“How do I repent for something I didn’t do?”
It’s a valid question, especially in these times when the wrongs of the past are placed before the public continuously. If our ancestors thought, said, and did things that bring grief to our heavenly Father, then what are we to do?
The first step is to acknowledge that something wrong was done by those who came before us, and that we must live out the consequences. Nothing will change until that acknowledgement happens. Once it happens, then the way is open for God to bring healing, reconciliation, and restoration.
That is the purpose of the Nations’ 9th of Av as we seek to help Christians understand our unpleasant history with the Jewish people. The Jerusalem Post has taken notice of this initiative and has recently published an article about our plans for observing Tisha b’Av (the 9th of Av), the saddest day on the Jewish calendar. Read the article here, and then visit www.9-av.com to learn more.
There is still time to join our Virtual Tour of Israel and take part in this healing work between Christians and Jews. Click here to learn more:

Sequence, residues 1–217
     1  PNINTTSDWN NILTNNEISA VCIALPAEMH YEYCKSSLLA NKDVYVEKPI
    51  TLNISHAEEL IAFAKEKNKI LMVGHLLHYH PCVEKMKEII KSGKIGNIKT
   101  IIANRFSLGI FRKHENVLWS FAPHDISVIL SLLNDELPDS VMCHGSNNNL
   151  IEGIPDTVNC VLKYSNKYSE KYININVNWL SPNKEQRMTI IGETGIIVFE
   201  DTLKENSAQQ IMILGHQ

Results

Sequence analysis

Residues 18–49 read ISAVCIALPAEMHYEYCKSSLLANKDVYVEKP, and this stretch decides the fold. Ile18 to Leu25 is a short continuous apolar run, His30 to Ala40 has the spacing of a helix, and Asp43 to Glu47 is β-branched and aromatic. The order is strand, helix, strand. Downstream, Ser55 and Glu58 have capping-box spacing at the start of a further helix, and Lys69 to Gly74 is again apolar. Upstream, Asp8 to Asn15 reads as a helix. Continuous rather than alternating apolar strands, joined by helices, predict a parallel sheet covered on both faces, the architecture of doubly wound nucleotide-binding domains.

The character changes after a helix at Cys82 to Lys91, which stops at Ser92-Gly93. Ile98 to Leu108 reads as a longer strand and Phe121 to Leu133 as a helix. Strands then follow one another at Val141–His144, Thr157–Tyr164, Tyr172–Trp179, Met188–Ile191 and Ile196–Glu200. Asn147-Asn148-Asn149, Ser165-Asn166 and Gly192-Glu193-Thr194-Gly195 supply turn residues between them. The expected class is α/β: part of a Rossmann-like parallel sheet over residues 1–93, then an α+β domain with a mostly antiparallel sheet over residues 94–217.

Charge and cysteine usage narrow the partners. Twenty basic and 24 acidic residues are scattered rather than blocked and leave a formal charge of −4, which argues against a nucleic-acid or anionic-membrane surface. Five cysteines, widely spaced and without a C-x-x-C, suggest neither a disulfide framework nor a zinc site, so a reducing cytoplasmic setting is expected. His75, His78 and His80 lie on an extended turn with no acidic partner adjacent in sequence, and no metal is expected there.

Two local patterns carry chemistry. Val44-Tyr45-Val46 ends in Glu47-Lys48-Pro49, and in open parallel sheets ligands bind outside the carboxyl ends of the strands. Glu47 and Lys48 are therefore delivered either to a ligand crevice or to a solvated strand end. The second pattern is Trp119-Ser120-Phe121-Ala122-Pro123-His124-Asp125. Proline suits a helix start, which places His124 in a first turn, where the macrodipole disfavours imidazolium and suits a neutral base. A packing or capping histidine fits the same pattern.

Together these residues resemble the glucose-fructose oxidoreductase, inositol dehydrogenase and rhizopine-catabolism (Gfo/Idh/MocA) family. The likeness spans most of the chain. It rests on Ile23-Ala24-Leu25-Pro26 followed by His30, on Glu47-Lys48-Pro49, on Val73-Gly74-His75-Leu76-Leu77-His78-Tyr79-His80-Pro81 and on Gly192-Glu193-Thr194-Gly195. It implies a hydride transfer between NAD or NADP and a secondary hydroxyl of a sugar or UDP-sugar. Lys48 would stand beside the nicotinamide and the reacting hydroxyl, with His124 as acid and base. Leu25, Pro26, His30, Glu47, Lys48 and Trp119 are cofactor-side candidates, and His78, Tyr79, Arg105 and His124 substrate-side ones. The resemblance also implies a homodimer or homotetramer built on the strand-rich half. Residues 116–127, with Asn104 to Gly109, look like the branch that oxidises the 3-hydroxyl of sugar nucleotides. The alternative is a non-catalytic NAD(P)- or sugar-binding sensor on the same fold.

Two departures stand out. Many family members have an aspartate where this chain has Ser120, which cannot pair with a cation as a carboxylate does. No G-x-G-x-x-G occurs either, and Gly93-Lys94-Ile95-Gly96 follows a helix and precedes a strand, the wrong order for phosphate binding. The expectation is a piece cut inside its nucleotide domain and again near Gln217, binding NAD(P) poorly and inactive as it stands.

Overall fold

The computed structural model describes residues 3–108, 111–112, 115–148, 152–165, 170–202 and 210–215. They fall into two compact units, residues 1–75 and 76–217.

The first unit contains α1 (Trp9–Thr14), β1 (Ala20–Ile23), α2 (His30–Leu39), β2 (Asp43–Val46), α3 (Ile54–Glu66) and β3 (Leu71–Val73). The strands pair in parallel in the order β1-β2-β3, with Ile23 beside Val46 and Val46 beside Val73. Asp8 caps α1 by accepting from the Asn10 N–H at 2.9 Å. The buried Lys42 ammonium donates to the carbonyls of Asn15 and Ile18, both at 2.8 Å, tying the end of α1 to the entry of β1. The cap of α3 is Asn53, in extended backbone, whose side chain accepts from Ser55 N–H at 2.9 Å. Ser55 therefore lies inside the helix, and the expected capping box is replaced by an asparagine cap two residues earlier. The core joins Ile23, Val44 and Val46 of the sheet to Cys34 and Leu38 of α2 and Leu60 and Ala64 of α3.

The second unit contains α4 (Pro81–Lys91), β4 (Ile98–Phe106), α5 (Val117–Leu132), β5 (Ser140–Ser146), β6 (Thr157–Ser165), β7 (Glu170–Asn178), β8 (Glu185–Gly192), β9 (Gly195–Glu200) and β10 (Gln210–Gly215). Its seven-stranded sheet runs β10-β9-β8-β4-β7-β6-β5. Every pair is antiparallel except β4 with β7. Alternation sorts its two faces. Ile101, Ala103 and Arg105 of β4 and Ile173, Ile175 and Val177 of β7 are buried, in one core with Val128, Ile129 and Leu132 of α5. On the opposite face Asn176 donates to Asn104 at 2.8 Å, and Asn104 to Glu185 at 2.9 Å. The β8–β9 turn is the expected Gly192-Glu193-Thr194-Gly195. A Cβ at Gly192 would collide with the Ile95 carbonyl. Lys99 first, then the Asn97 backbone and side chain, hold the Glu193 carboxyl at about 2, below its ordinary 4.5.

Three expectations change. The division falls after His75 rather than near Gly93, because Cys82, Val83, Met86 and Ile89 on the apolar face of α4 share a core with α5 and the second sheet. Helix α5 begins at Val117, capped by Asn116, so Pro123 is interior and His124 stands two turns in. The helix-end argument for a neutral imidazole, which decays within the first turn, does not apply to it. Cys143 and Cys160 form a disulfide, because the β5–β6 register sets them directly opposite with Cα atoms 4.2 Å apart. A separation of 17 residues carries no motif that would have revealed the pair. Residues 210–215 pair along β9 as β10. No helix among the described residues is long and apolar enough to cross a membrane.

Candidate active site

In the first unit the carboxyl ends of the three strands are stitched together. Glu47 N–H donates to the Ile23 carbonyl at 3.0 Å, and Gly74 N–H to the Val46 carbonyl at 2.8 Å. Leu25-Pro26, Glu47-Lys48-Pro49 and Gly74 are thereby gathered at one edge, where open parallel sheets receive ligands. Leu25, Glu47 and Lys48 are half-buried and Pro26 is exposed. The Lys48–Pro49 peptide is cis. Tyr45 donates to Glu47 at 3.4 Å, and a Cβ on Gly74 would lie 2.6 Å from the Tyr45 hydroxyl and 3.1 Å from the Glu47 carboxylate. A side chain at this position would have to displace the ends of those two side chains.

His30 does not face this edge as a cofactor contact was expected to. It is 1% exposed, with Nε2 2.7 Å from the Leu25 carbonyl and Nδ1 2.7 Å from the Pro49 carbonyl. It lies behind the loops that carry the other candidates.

Christians to repent online for antisemitism on Tisha Be’av
The Jerusalem Post
By GIL HOFFMAN JULY 21, 2020 09:10
Tisha Be’av, the saddest day on the Jewish calendar, will become a time for Christians around the world to repent together for two millennia of antisemitism through a virtual prayer event hosted on the 9-av.com website.
While Jews will be reading Lamentations in and out of synagogues, Christians will participate in a nine-hour online vigil of prayers. There will also be a week of online tours of biblical sites and other key locations in Israel.
The event is being organized by a steering committee led by Al McCarn, Laura Densmore and Steve Wearp, a Christian and former national director of the March for Remembrance, which holds events against antisemitism in more than 50 US cities. This is his third year organizing Tisha Be’av events for Christians in Jerusalem and his first time hosting it online due to the coronavirus.
“We struggled with how to do it this year, but we realized we have a much greater audience potential online,” Wearp said.
Click here to continue reading: Christians to repent online for antisemitism on Tisha Be’av – The Jerusalem Post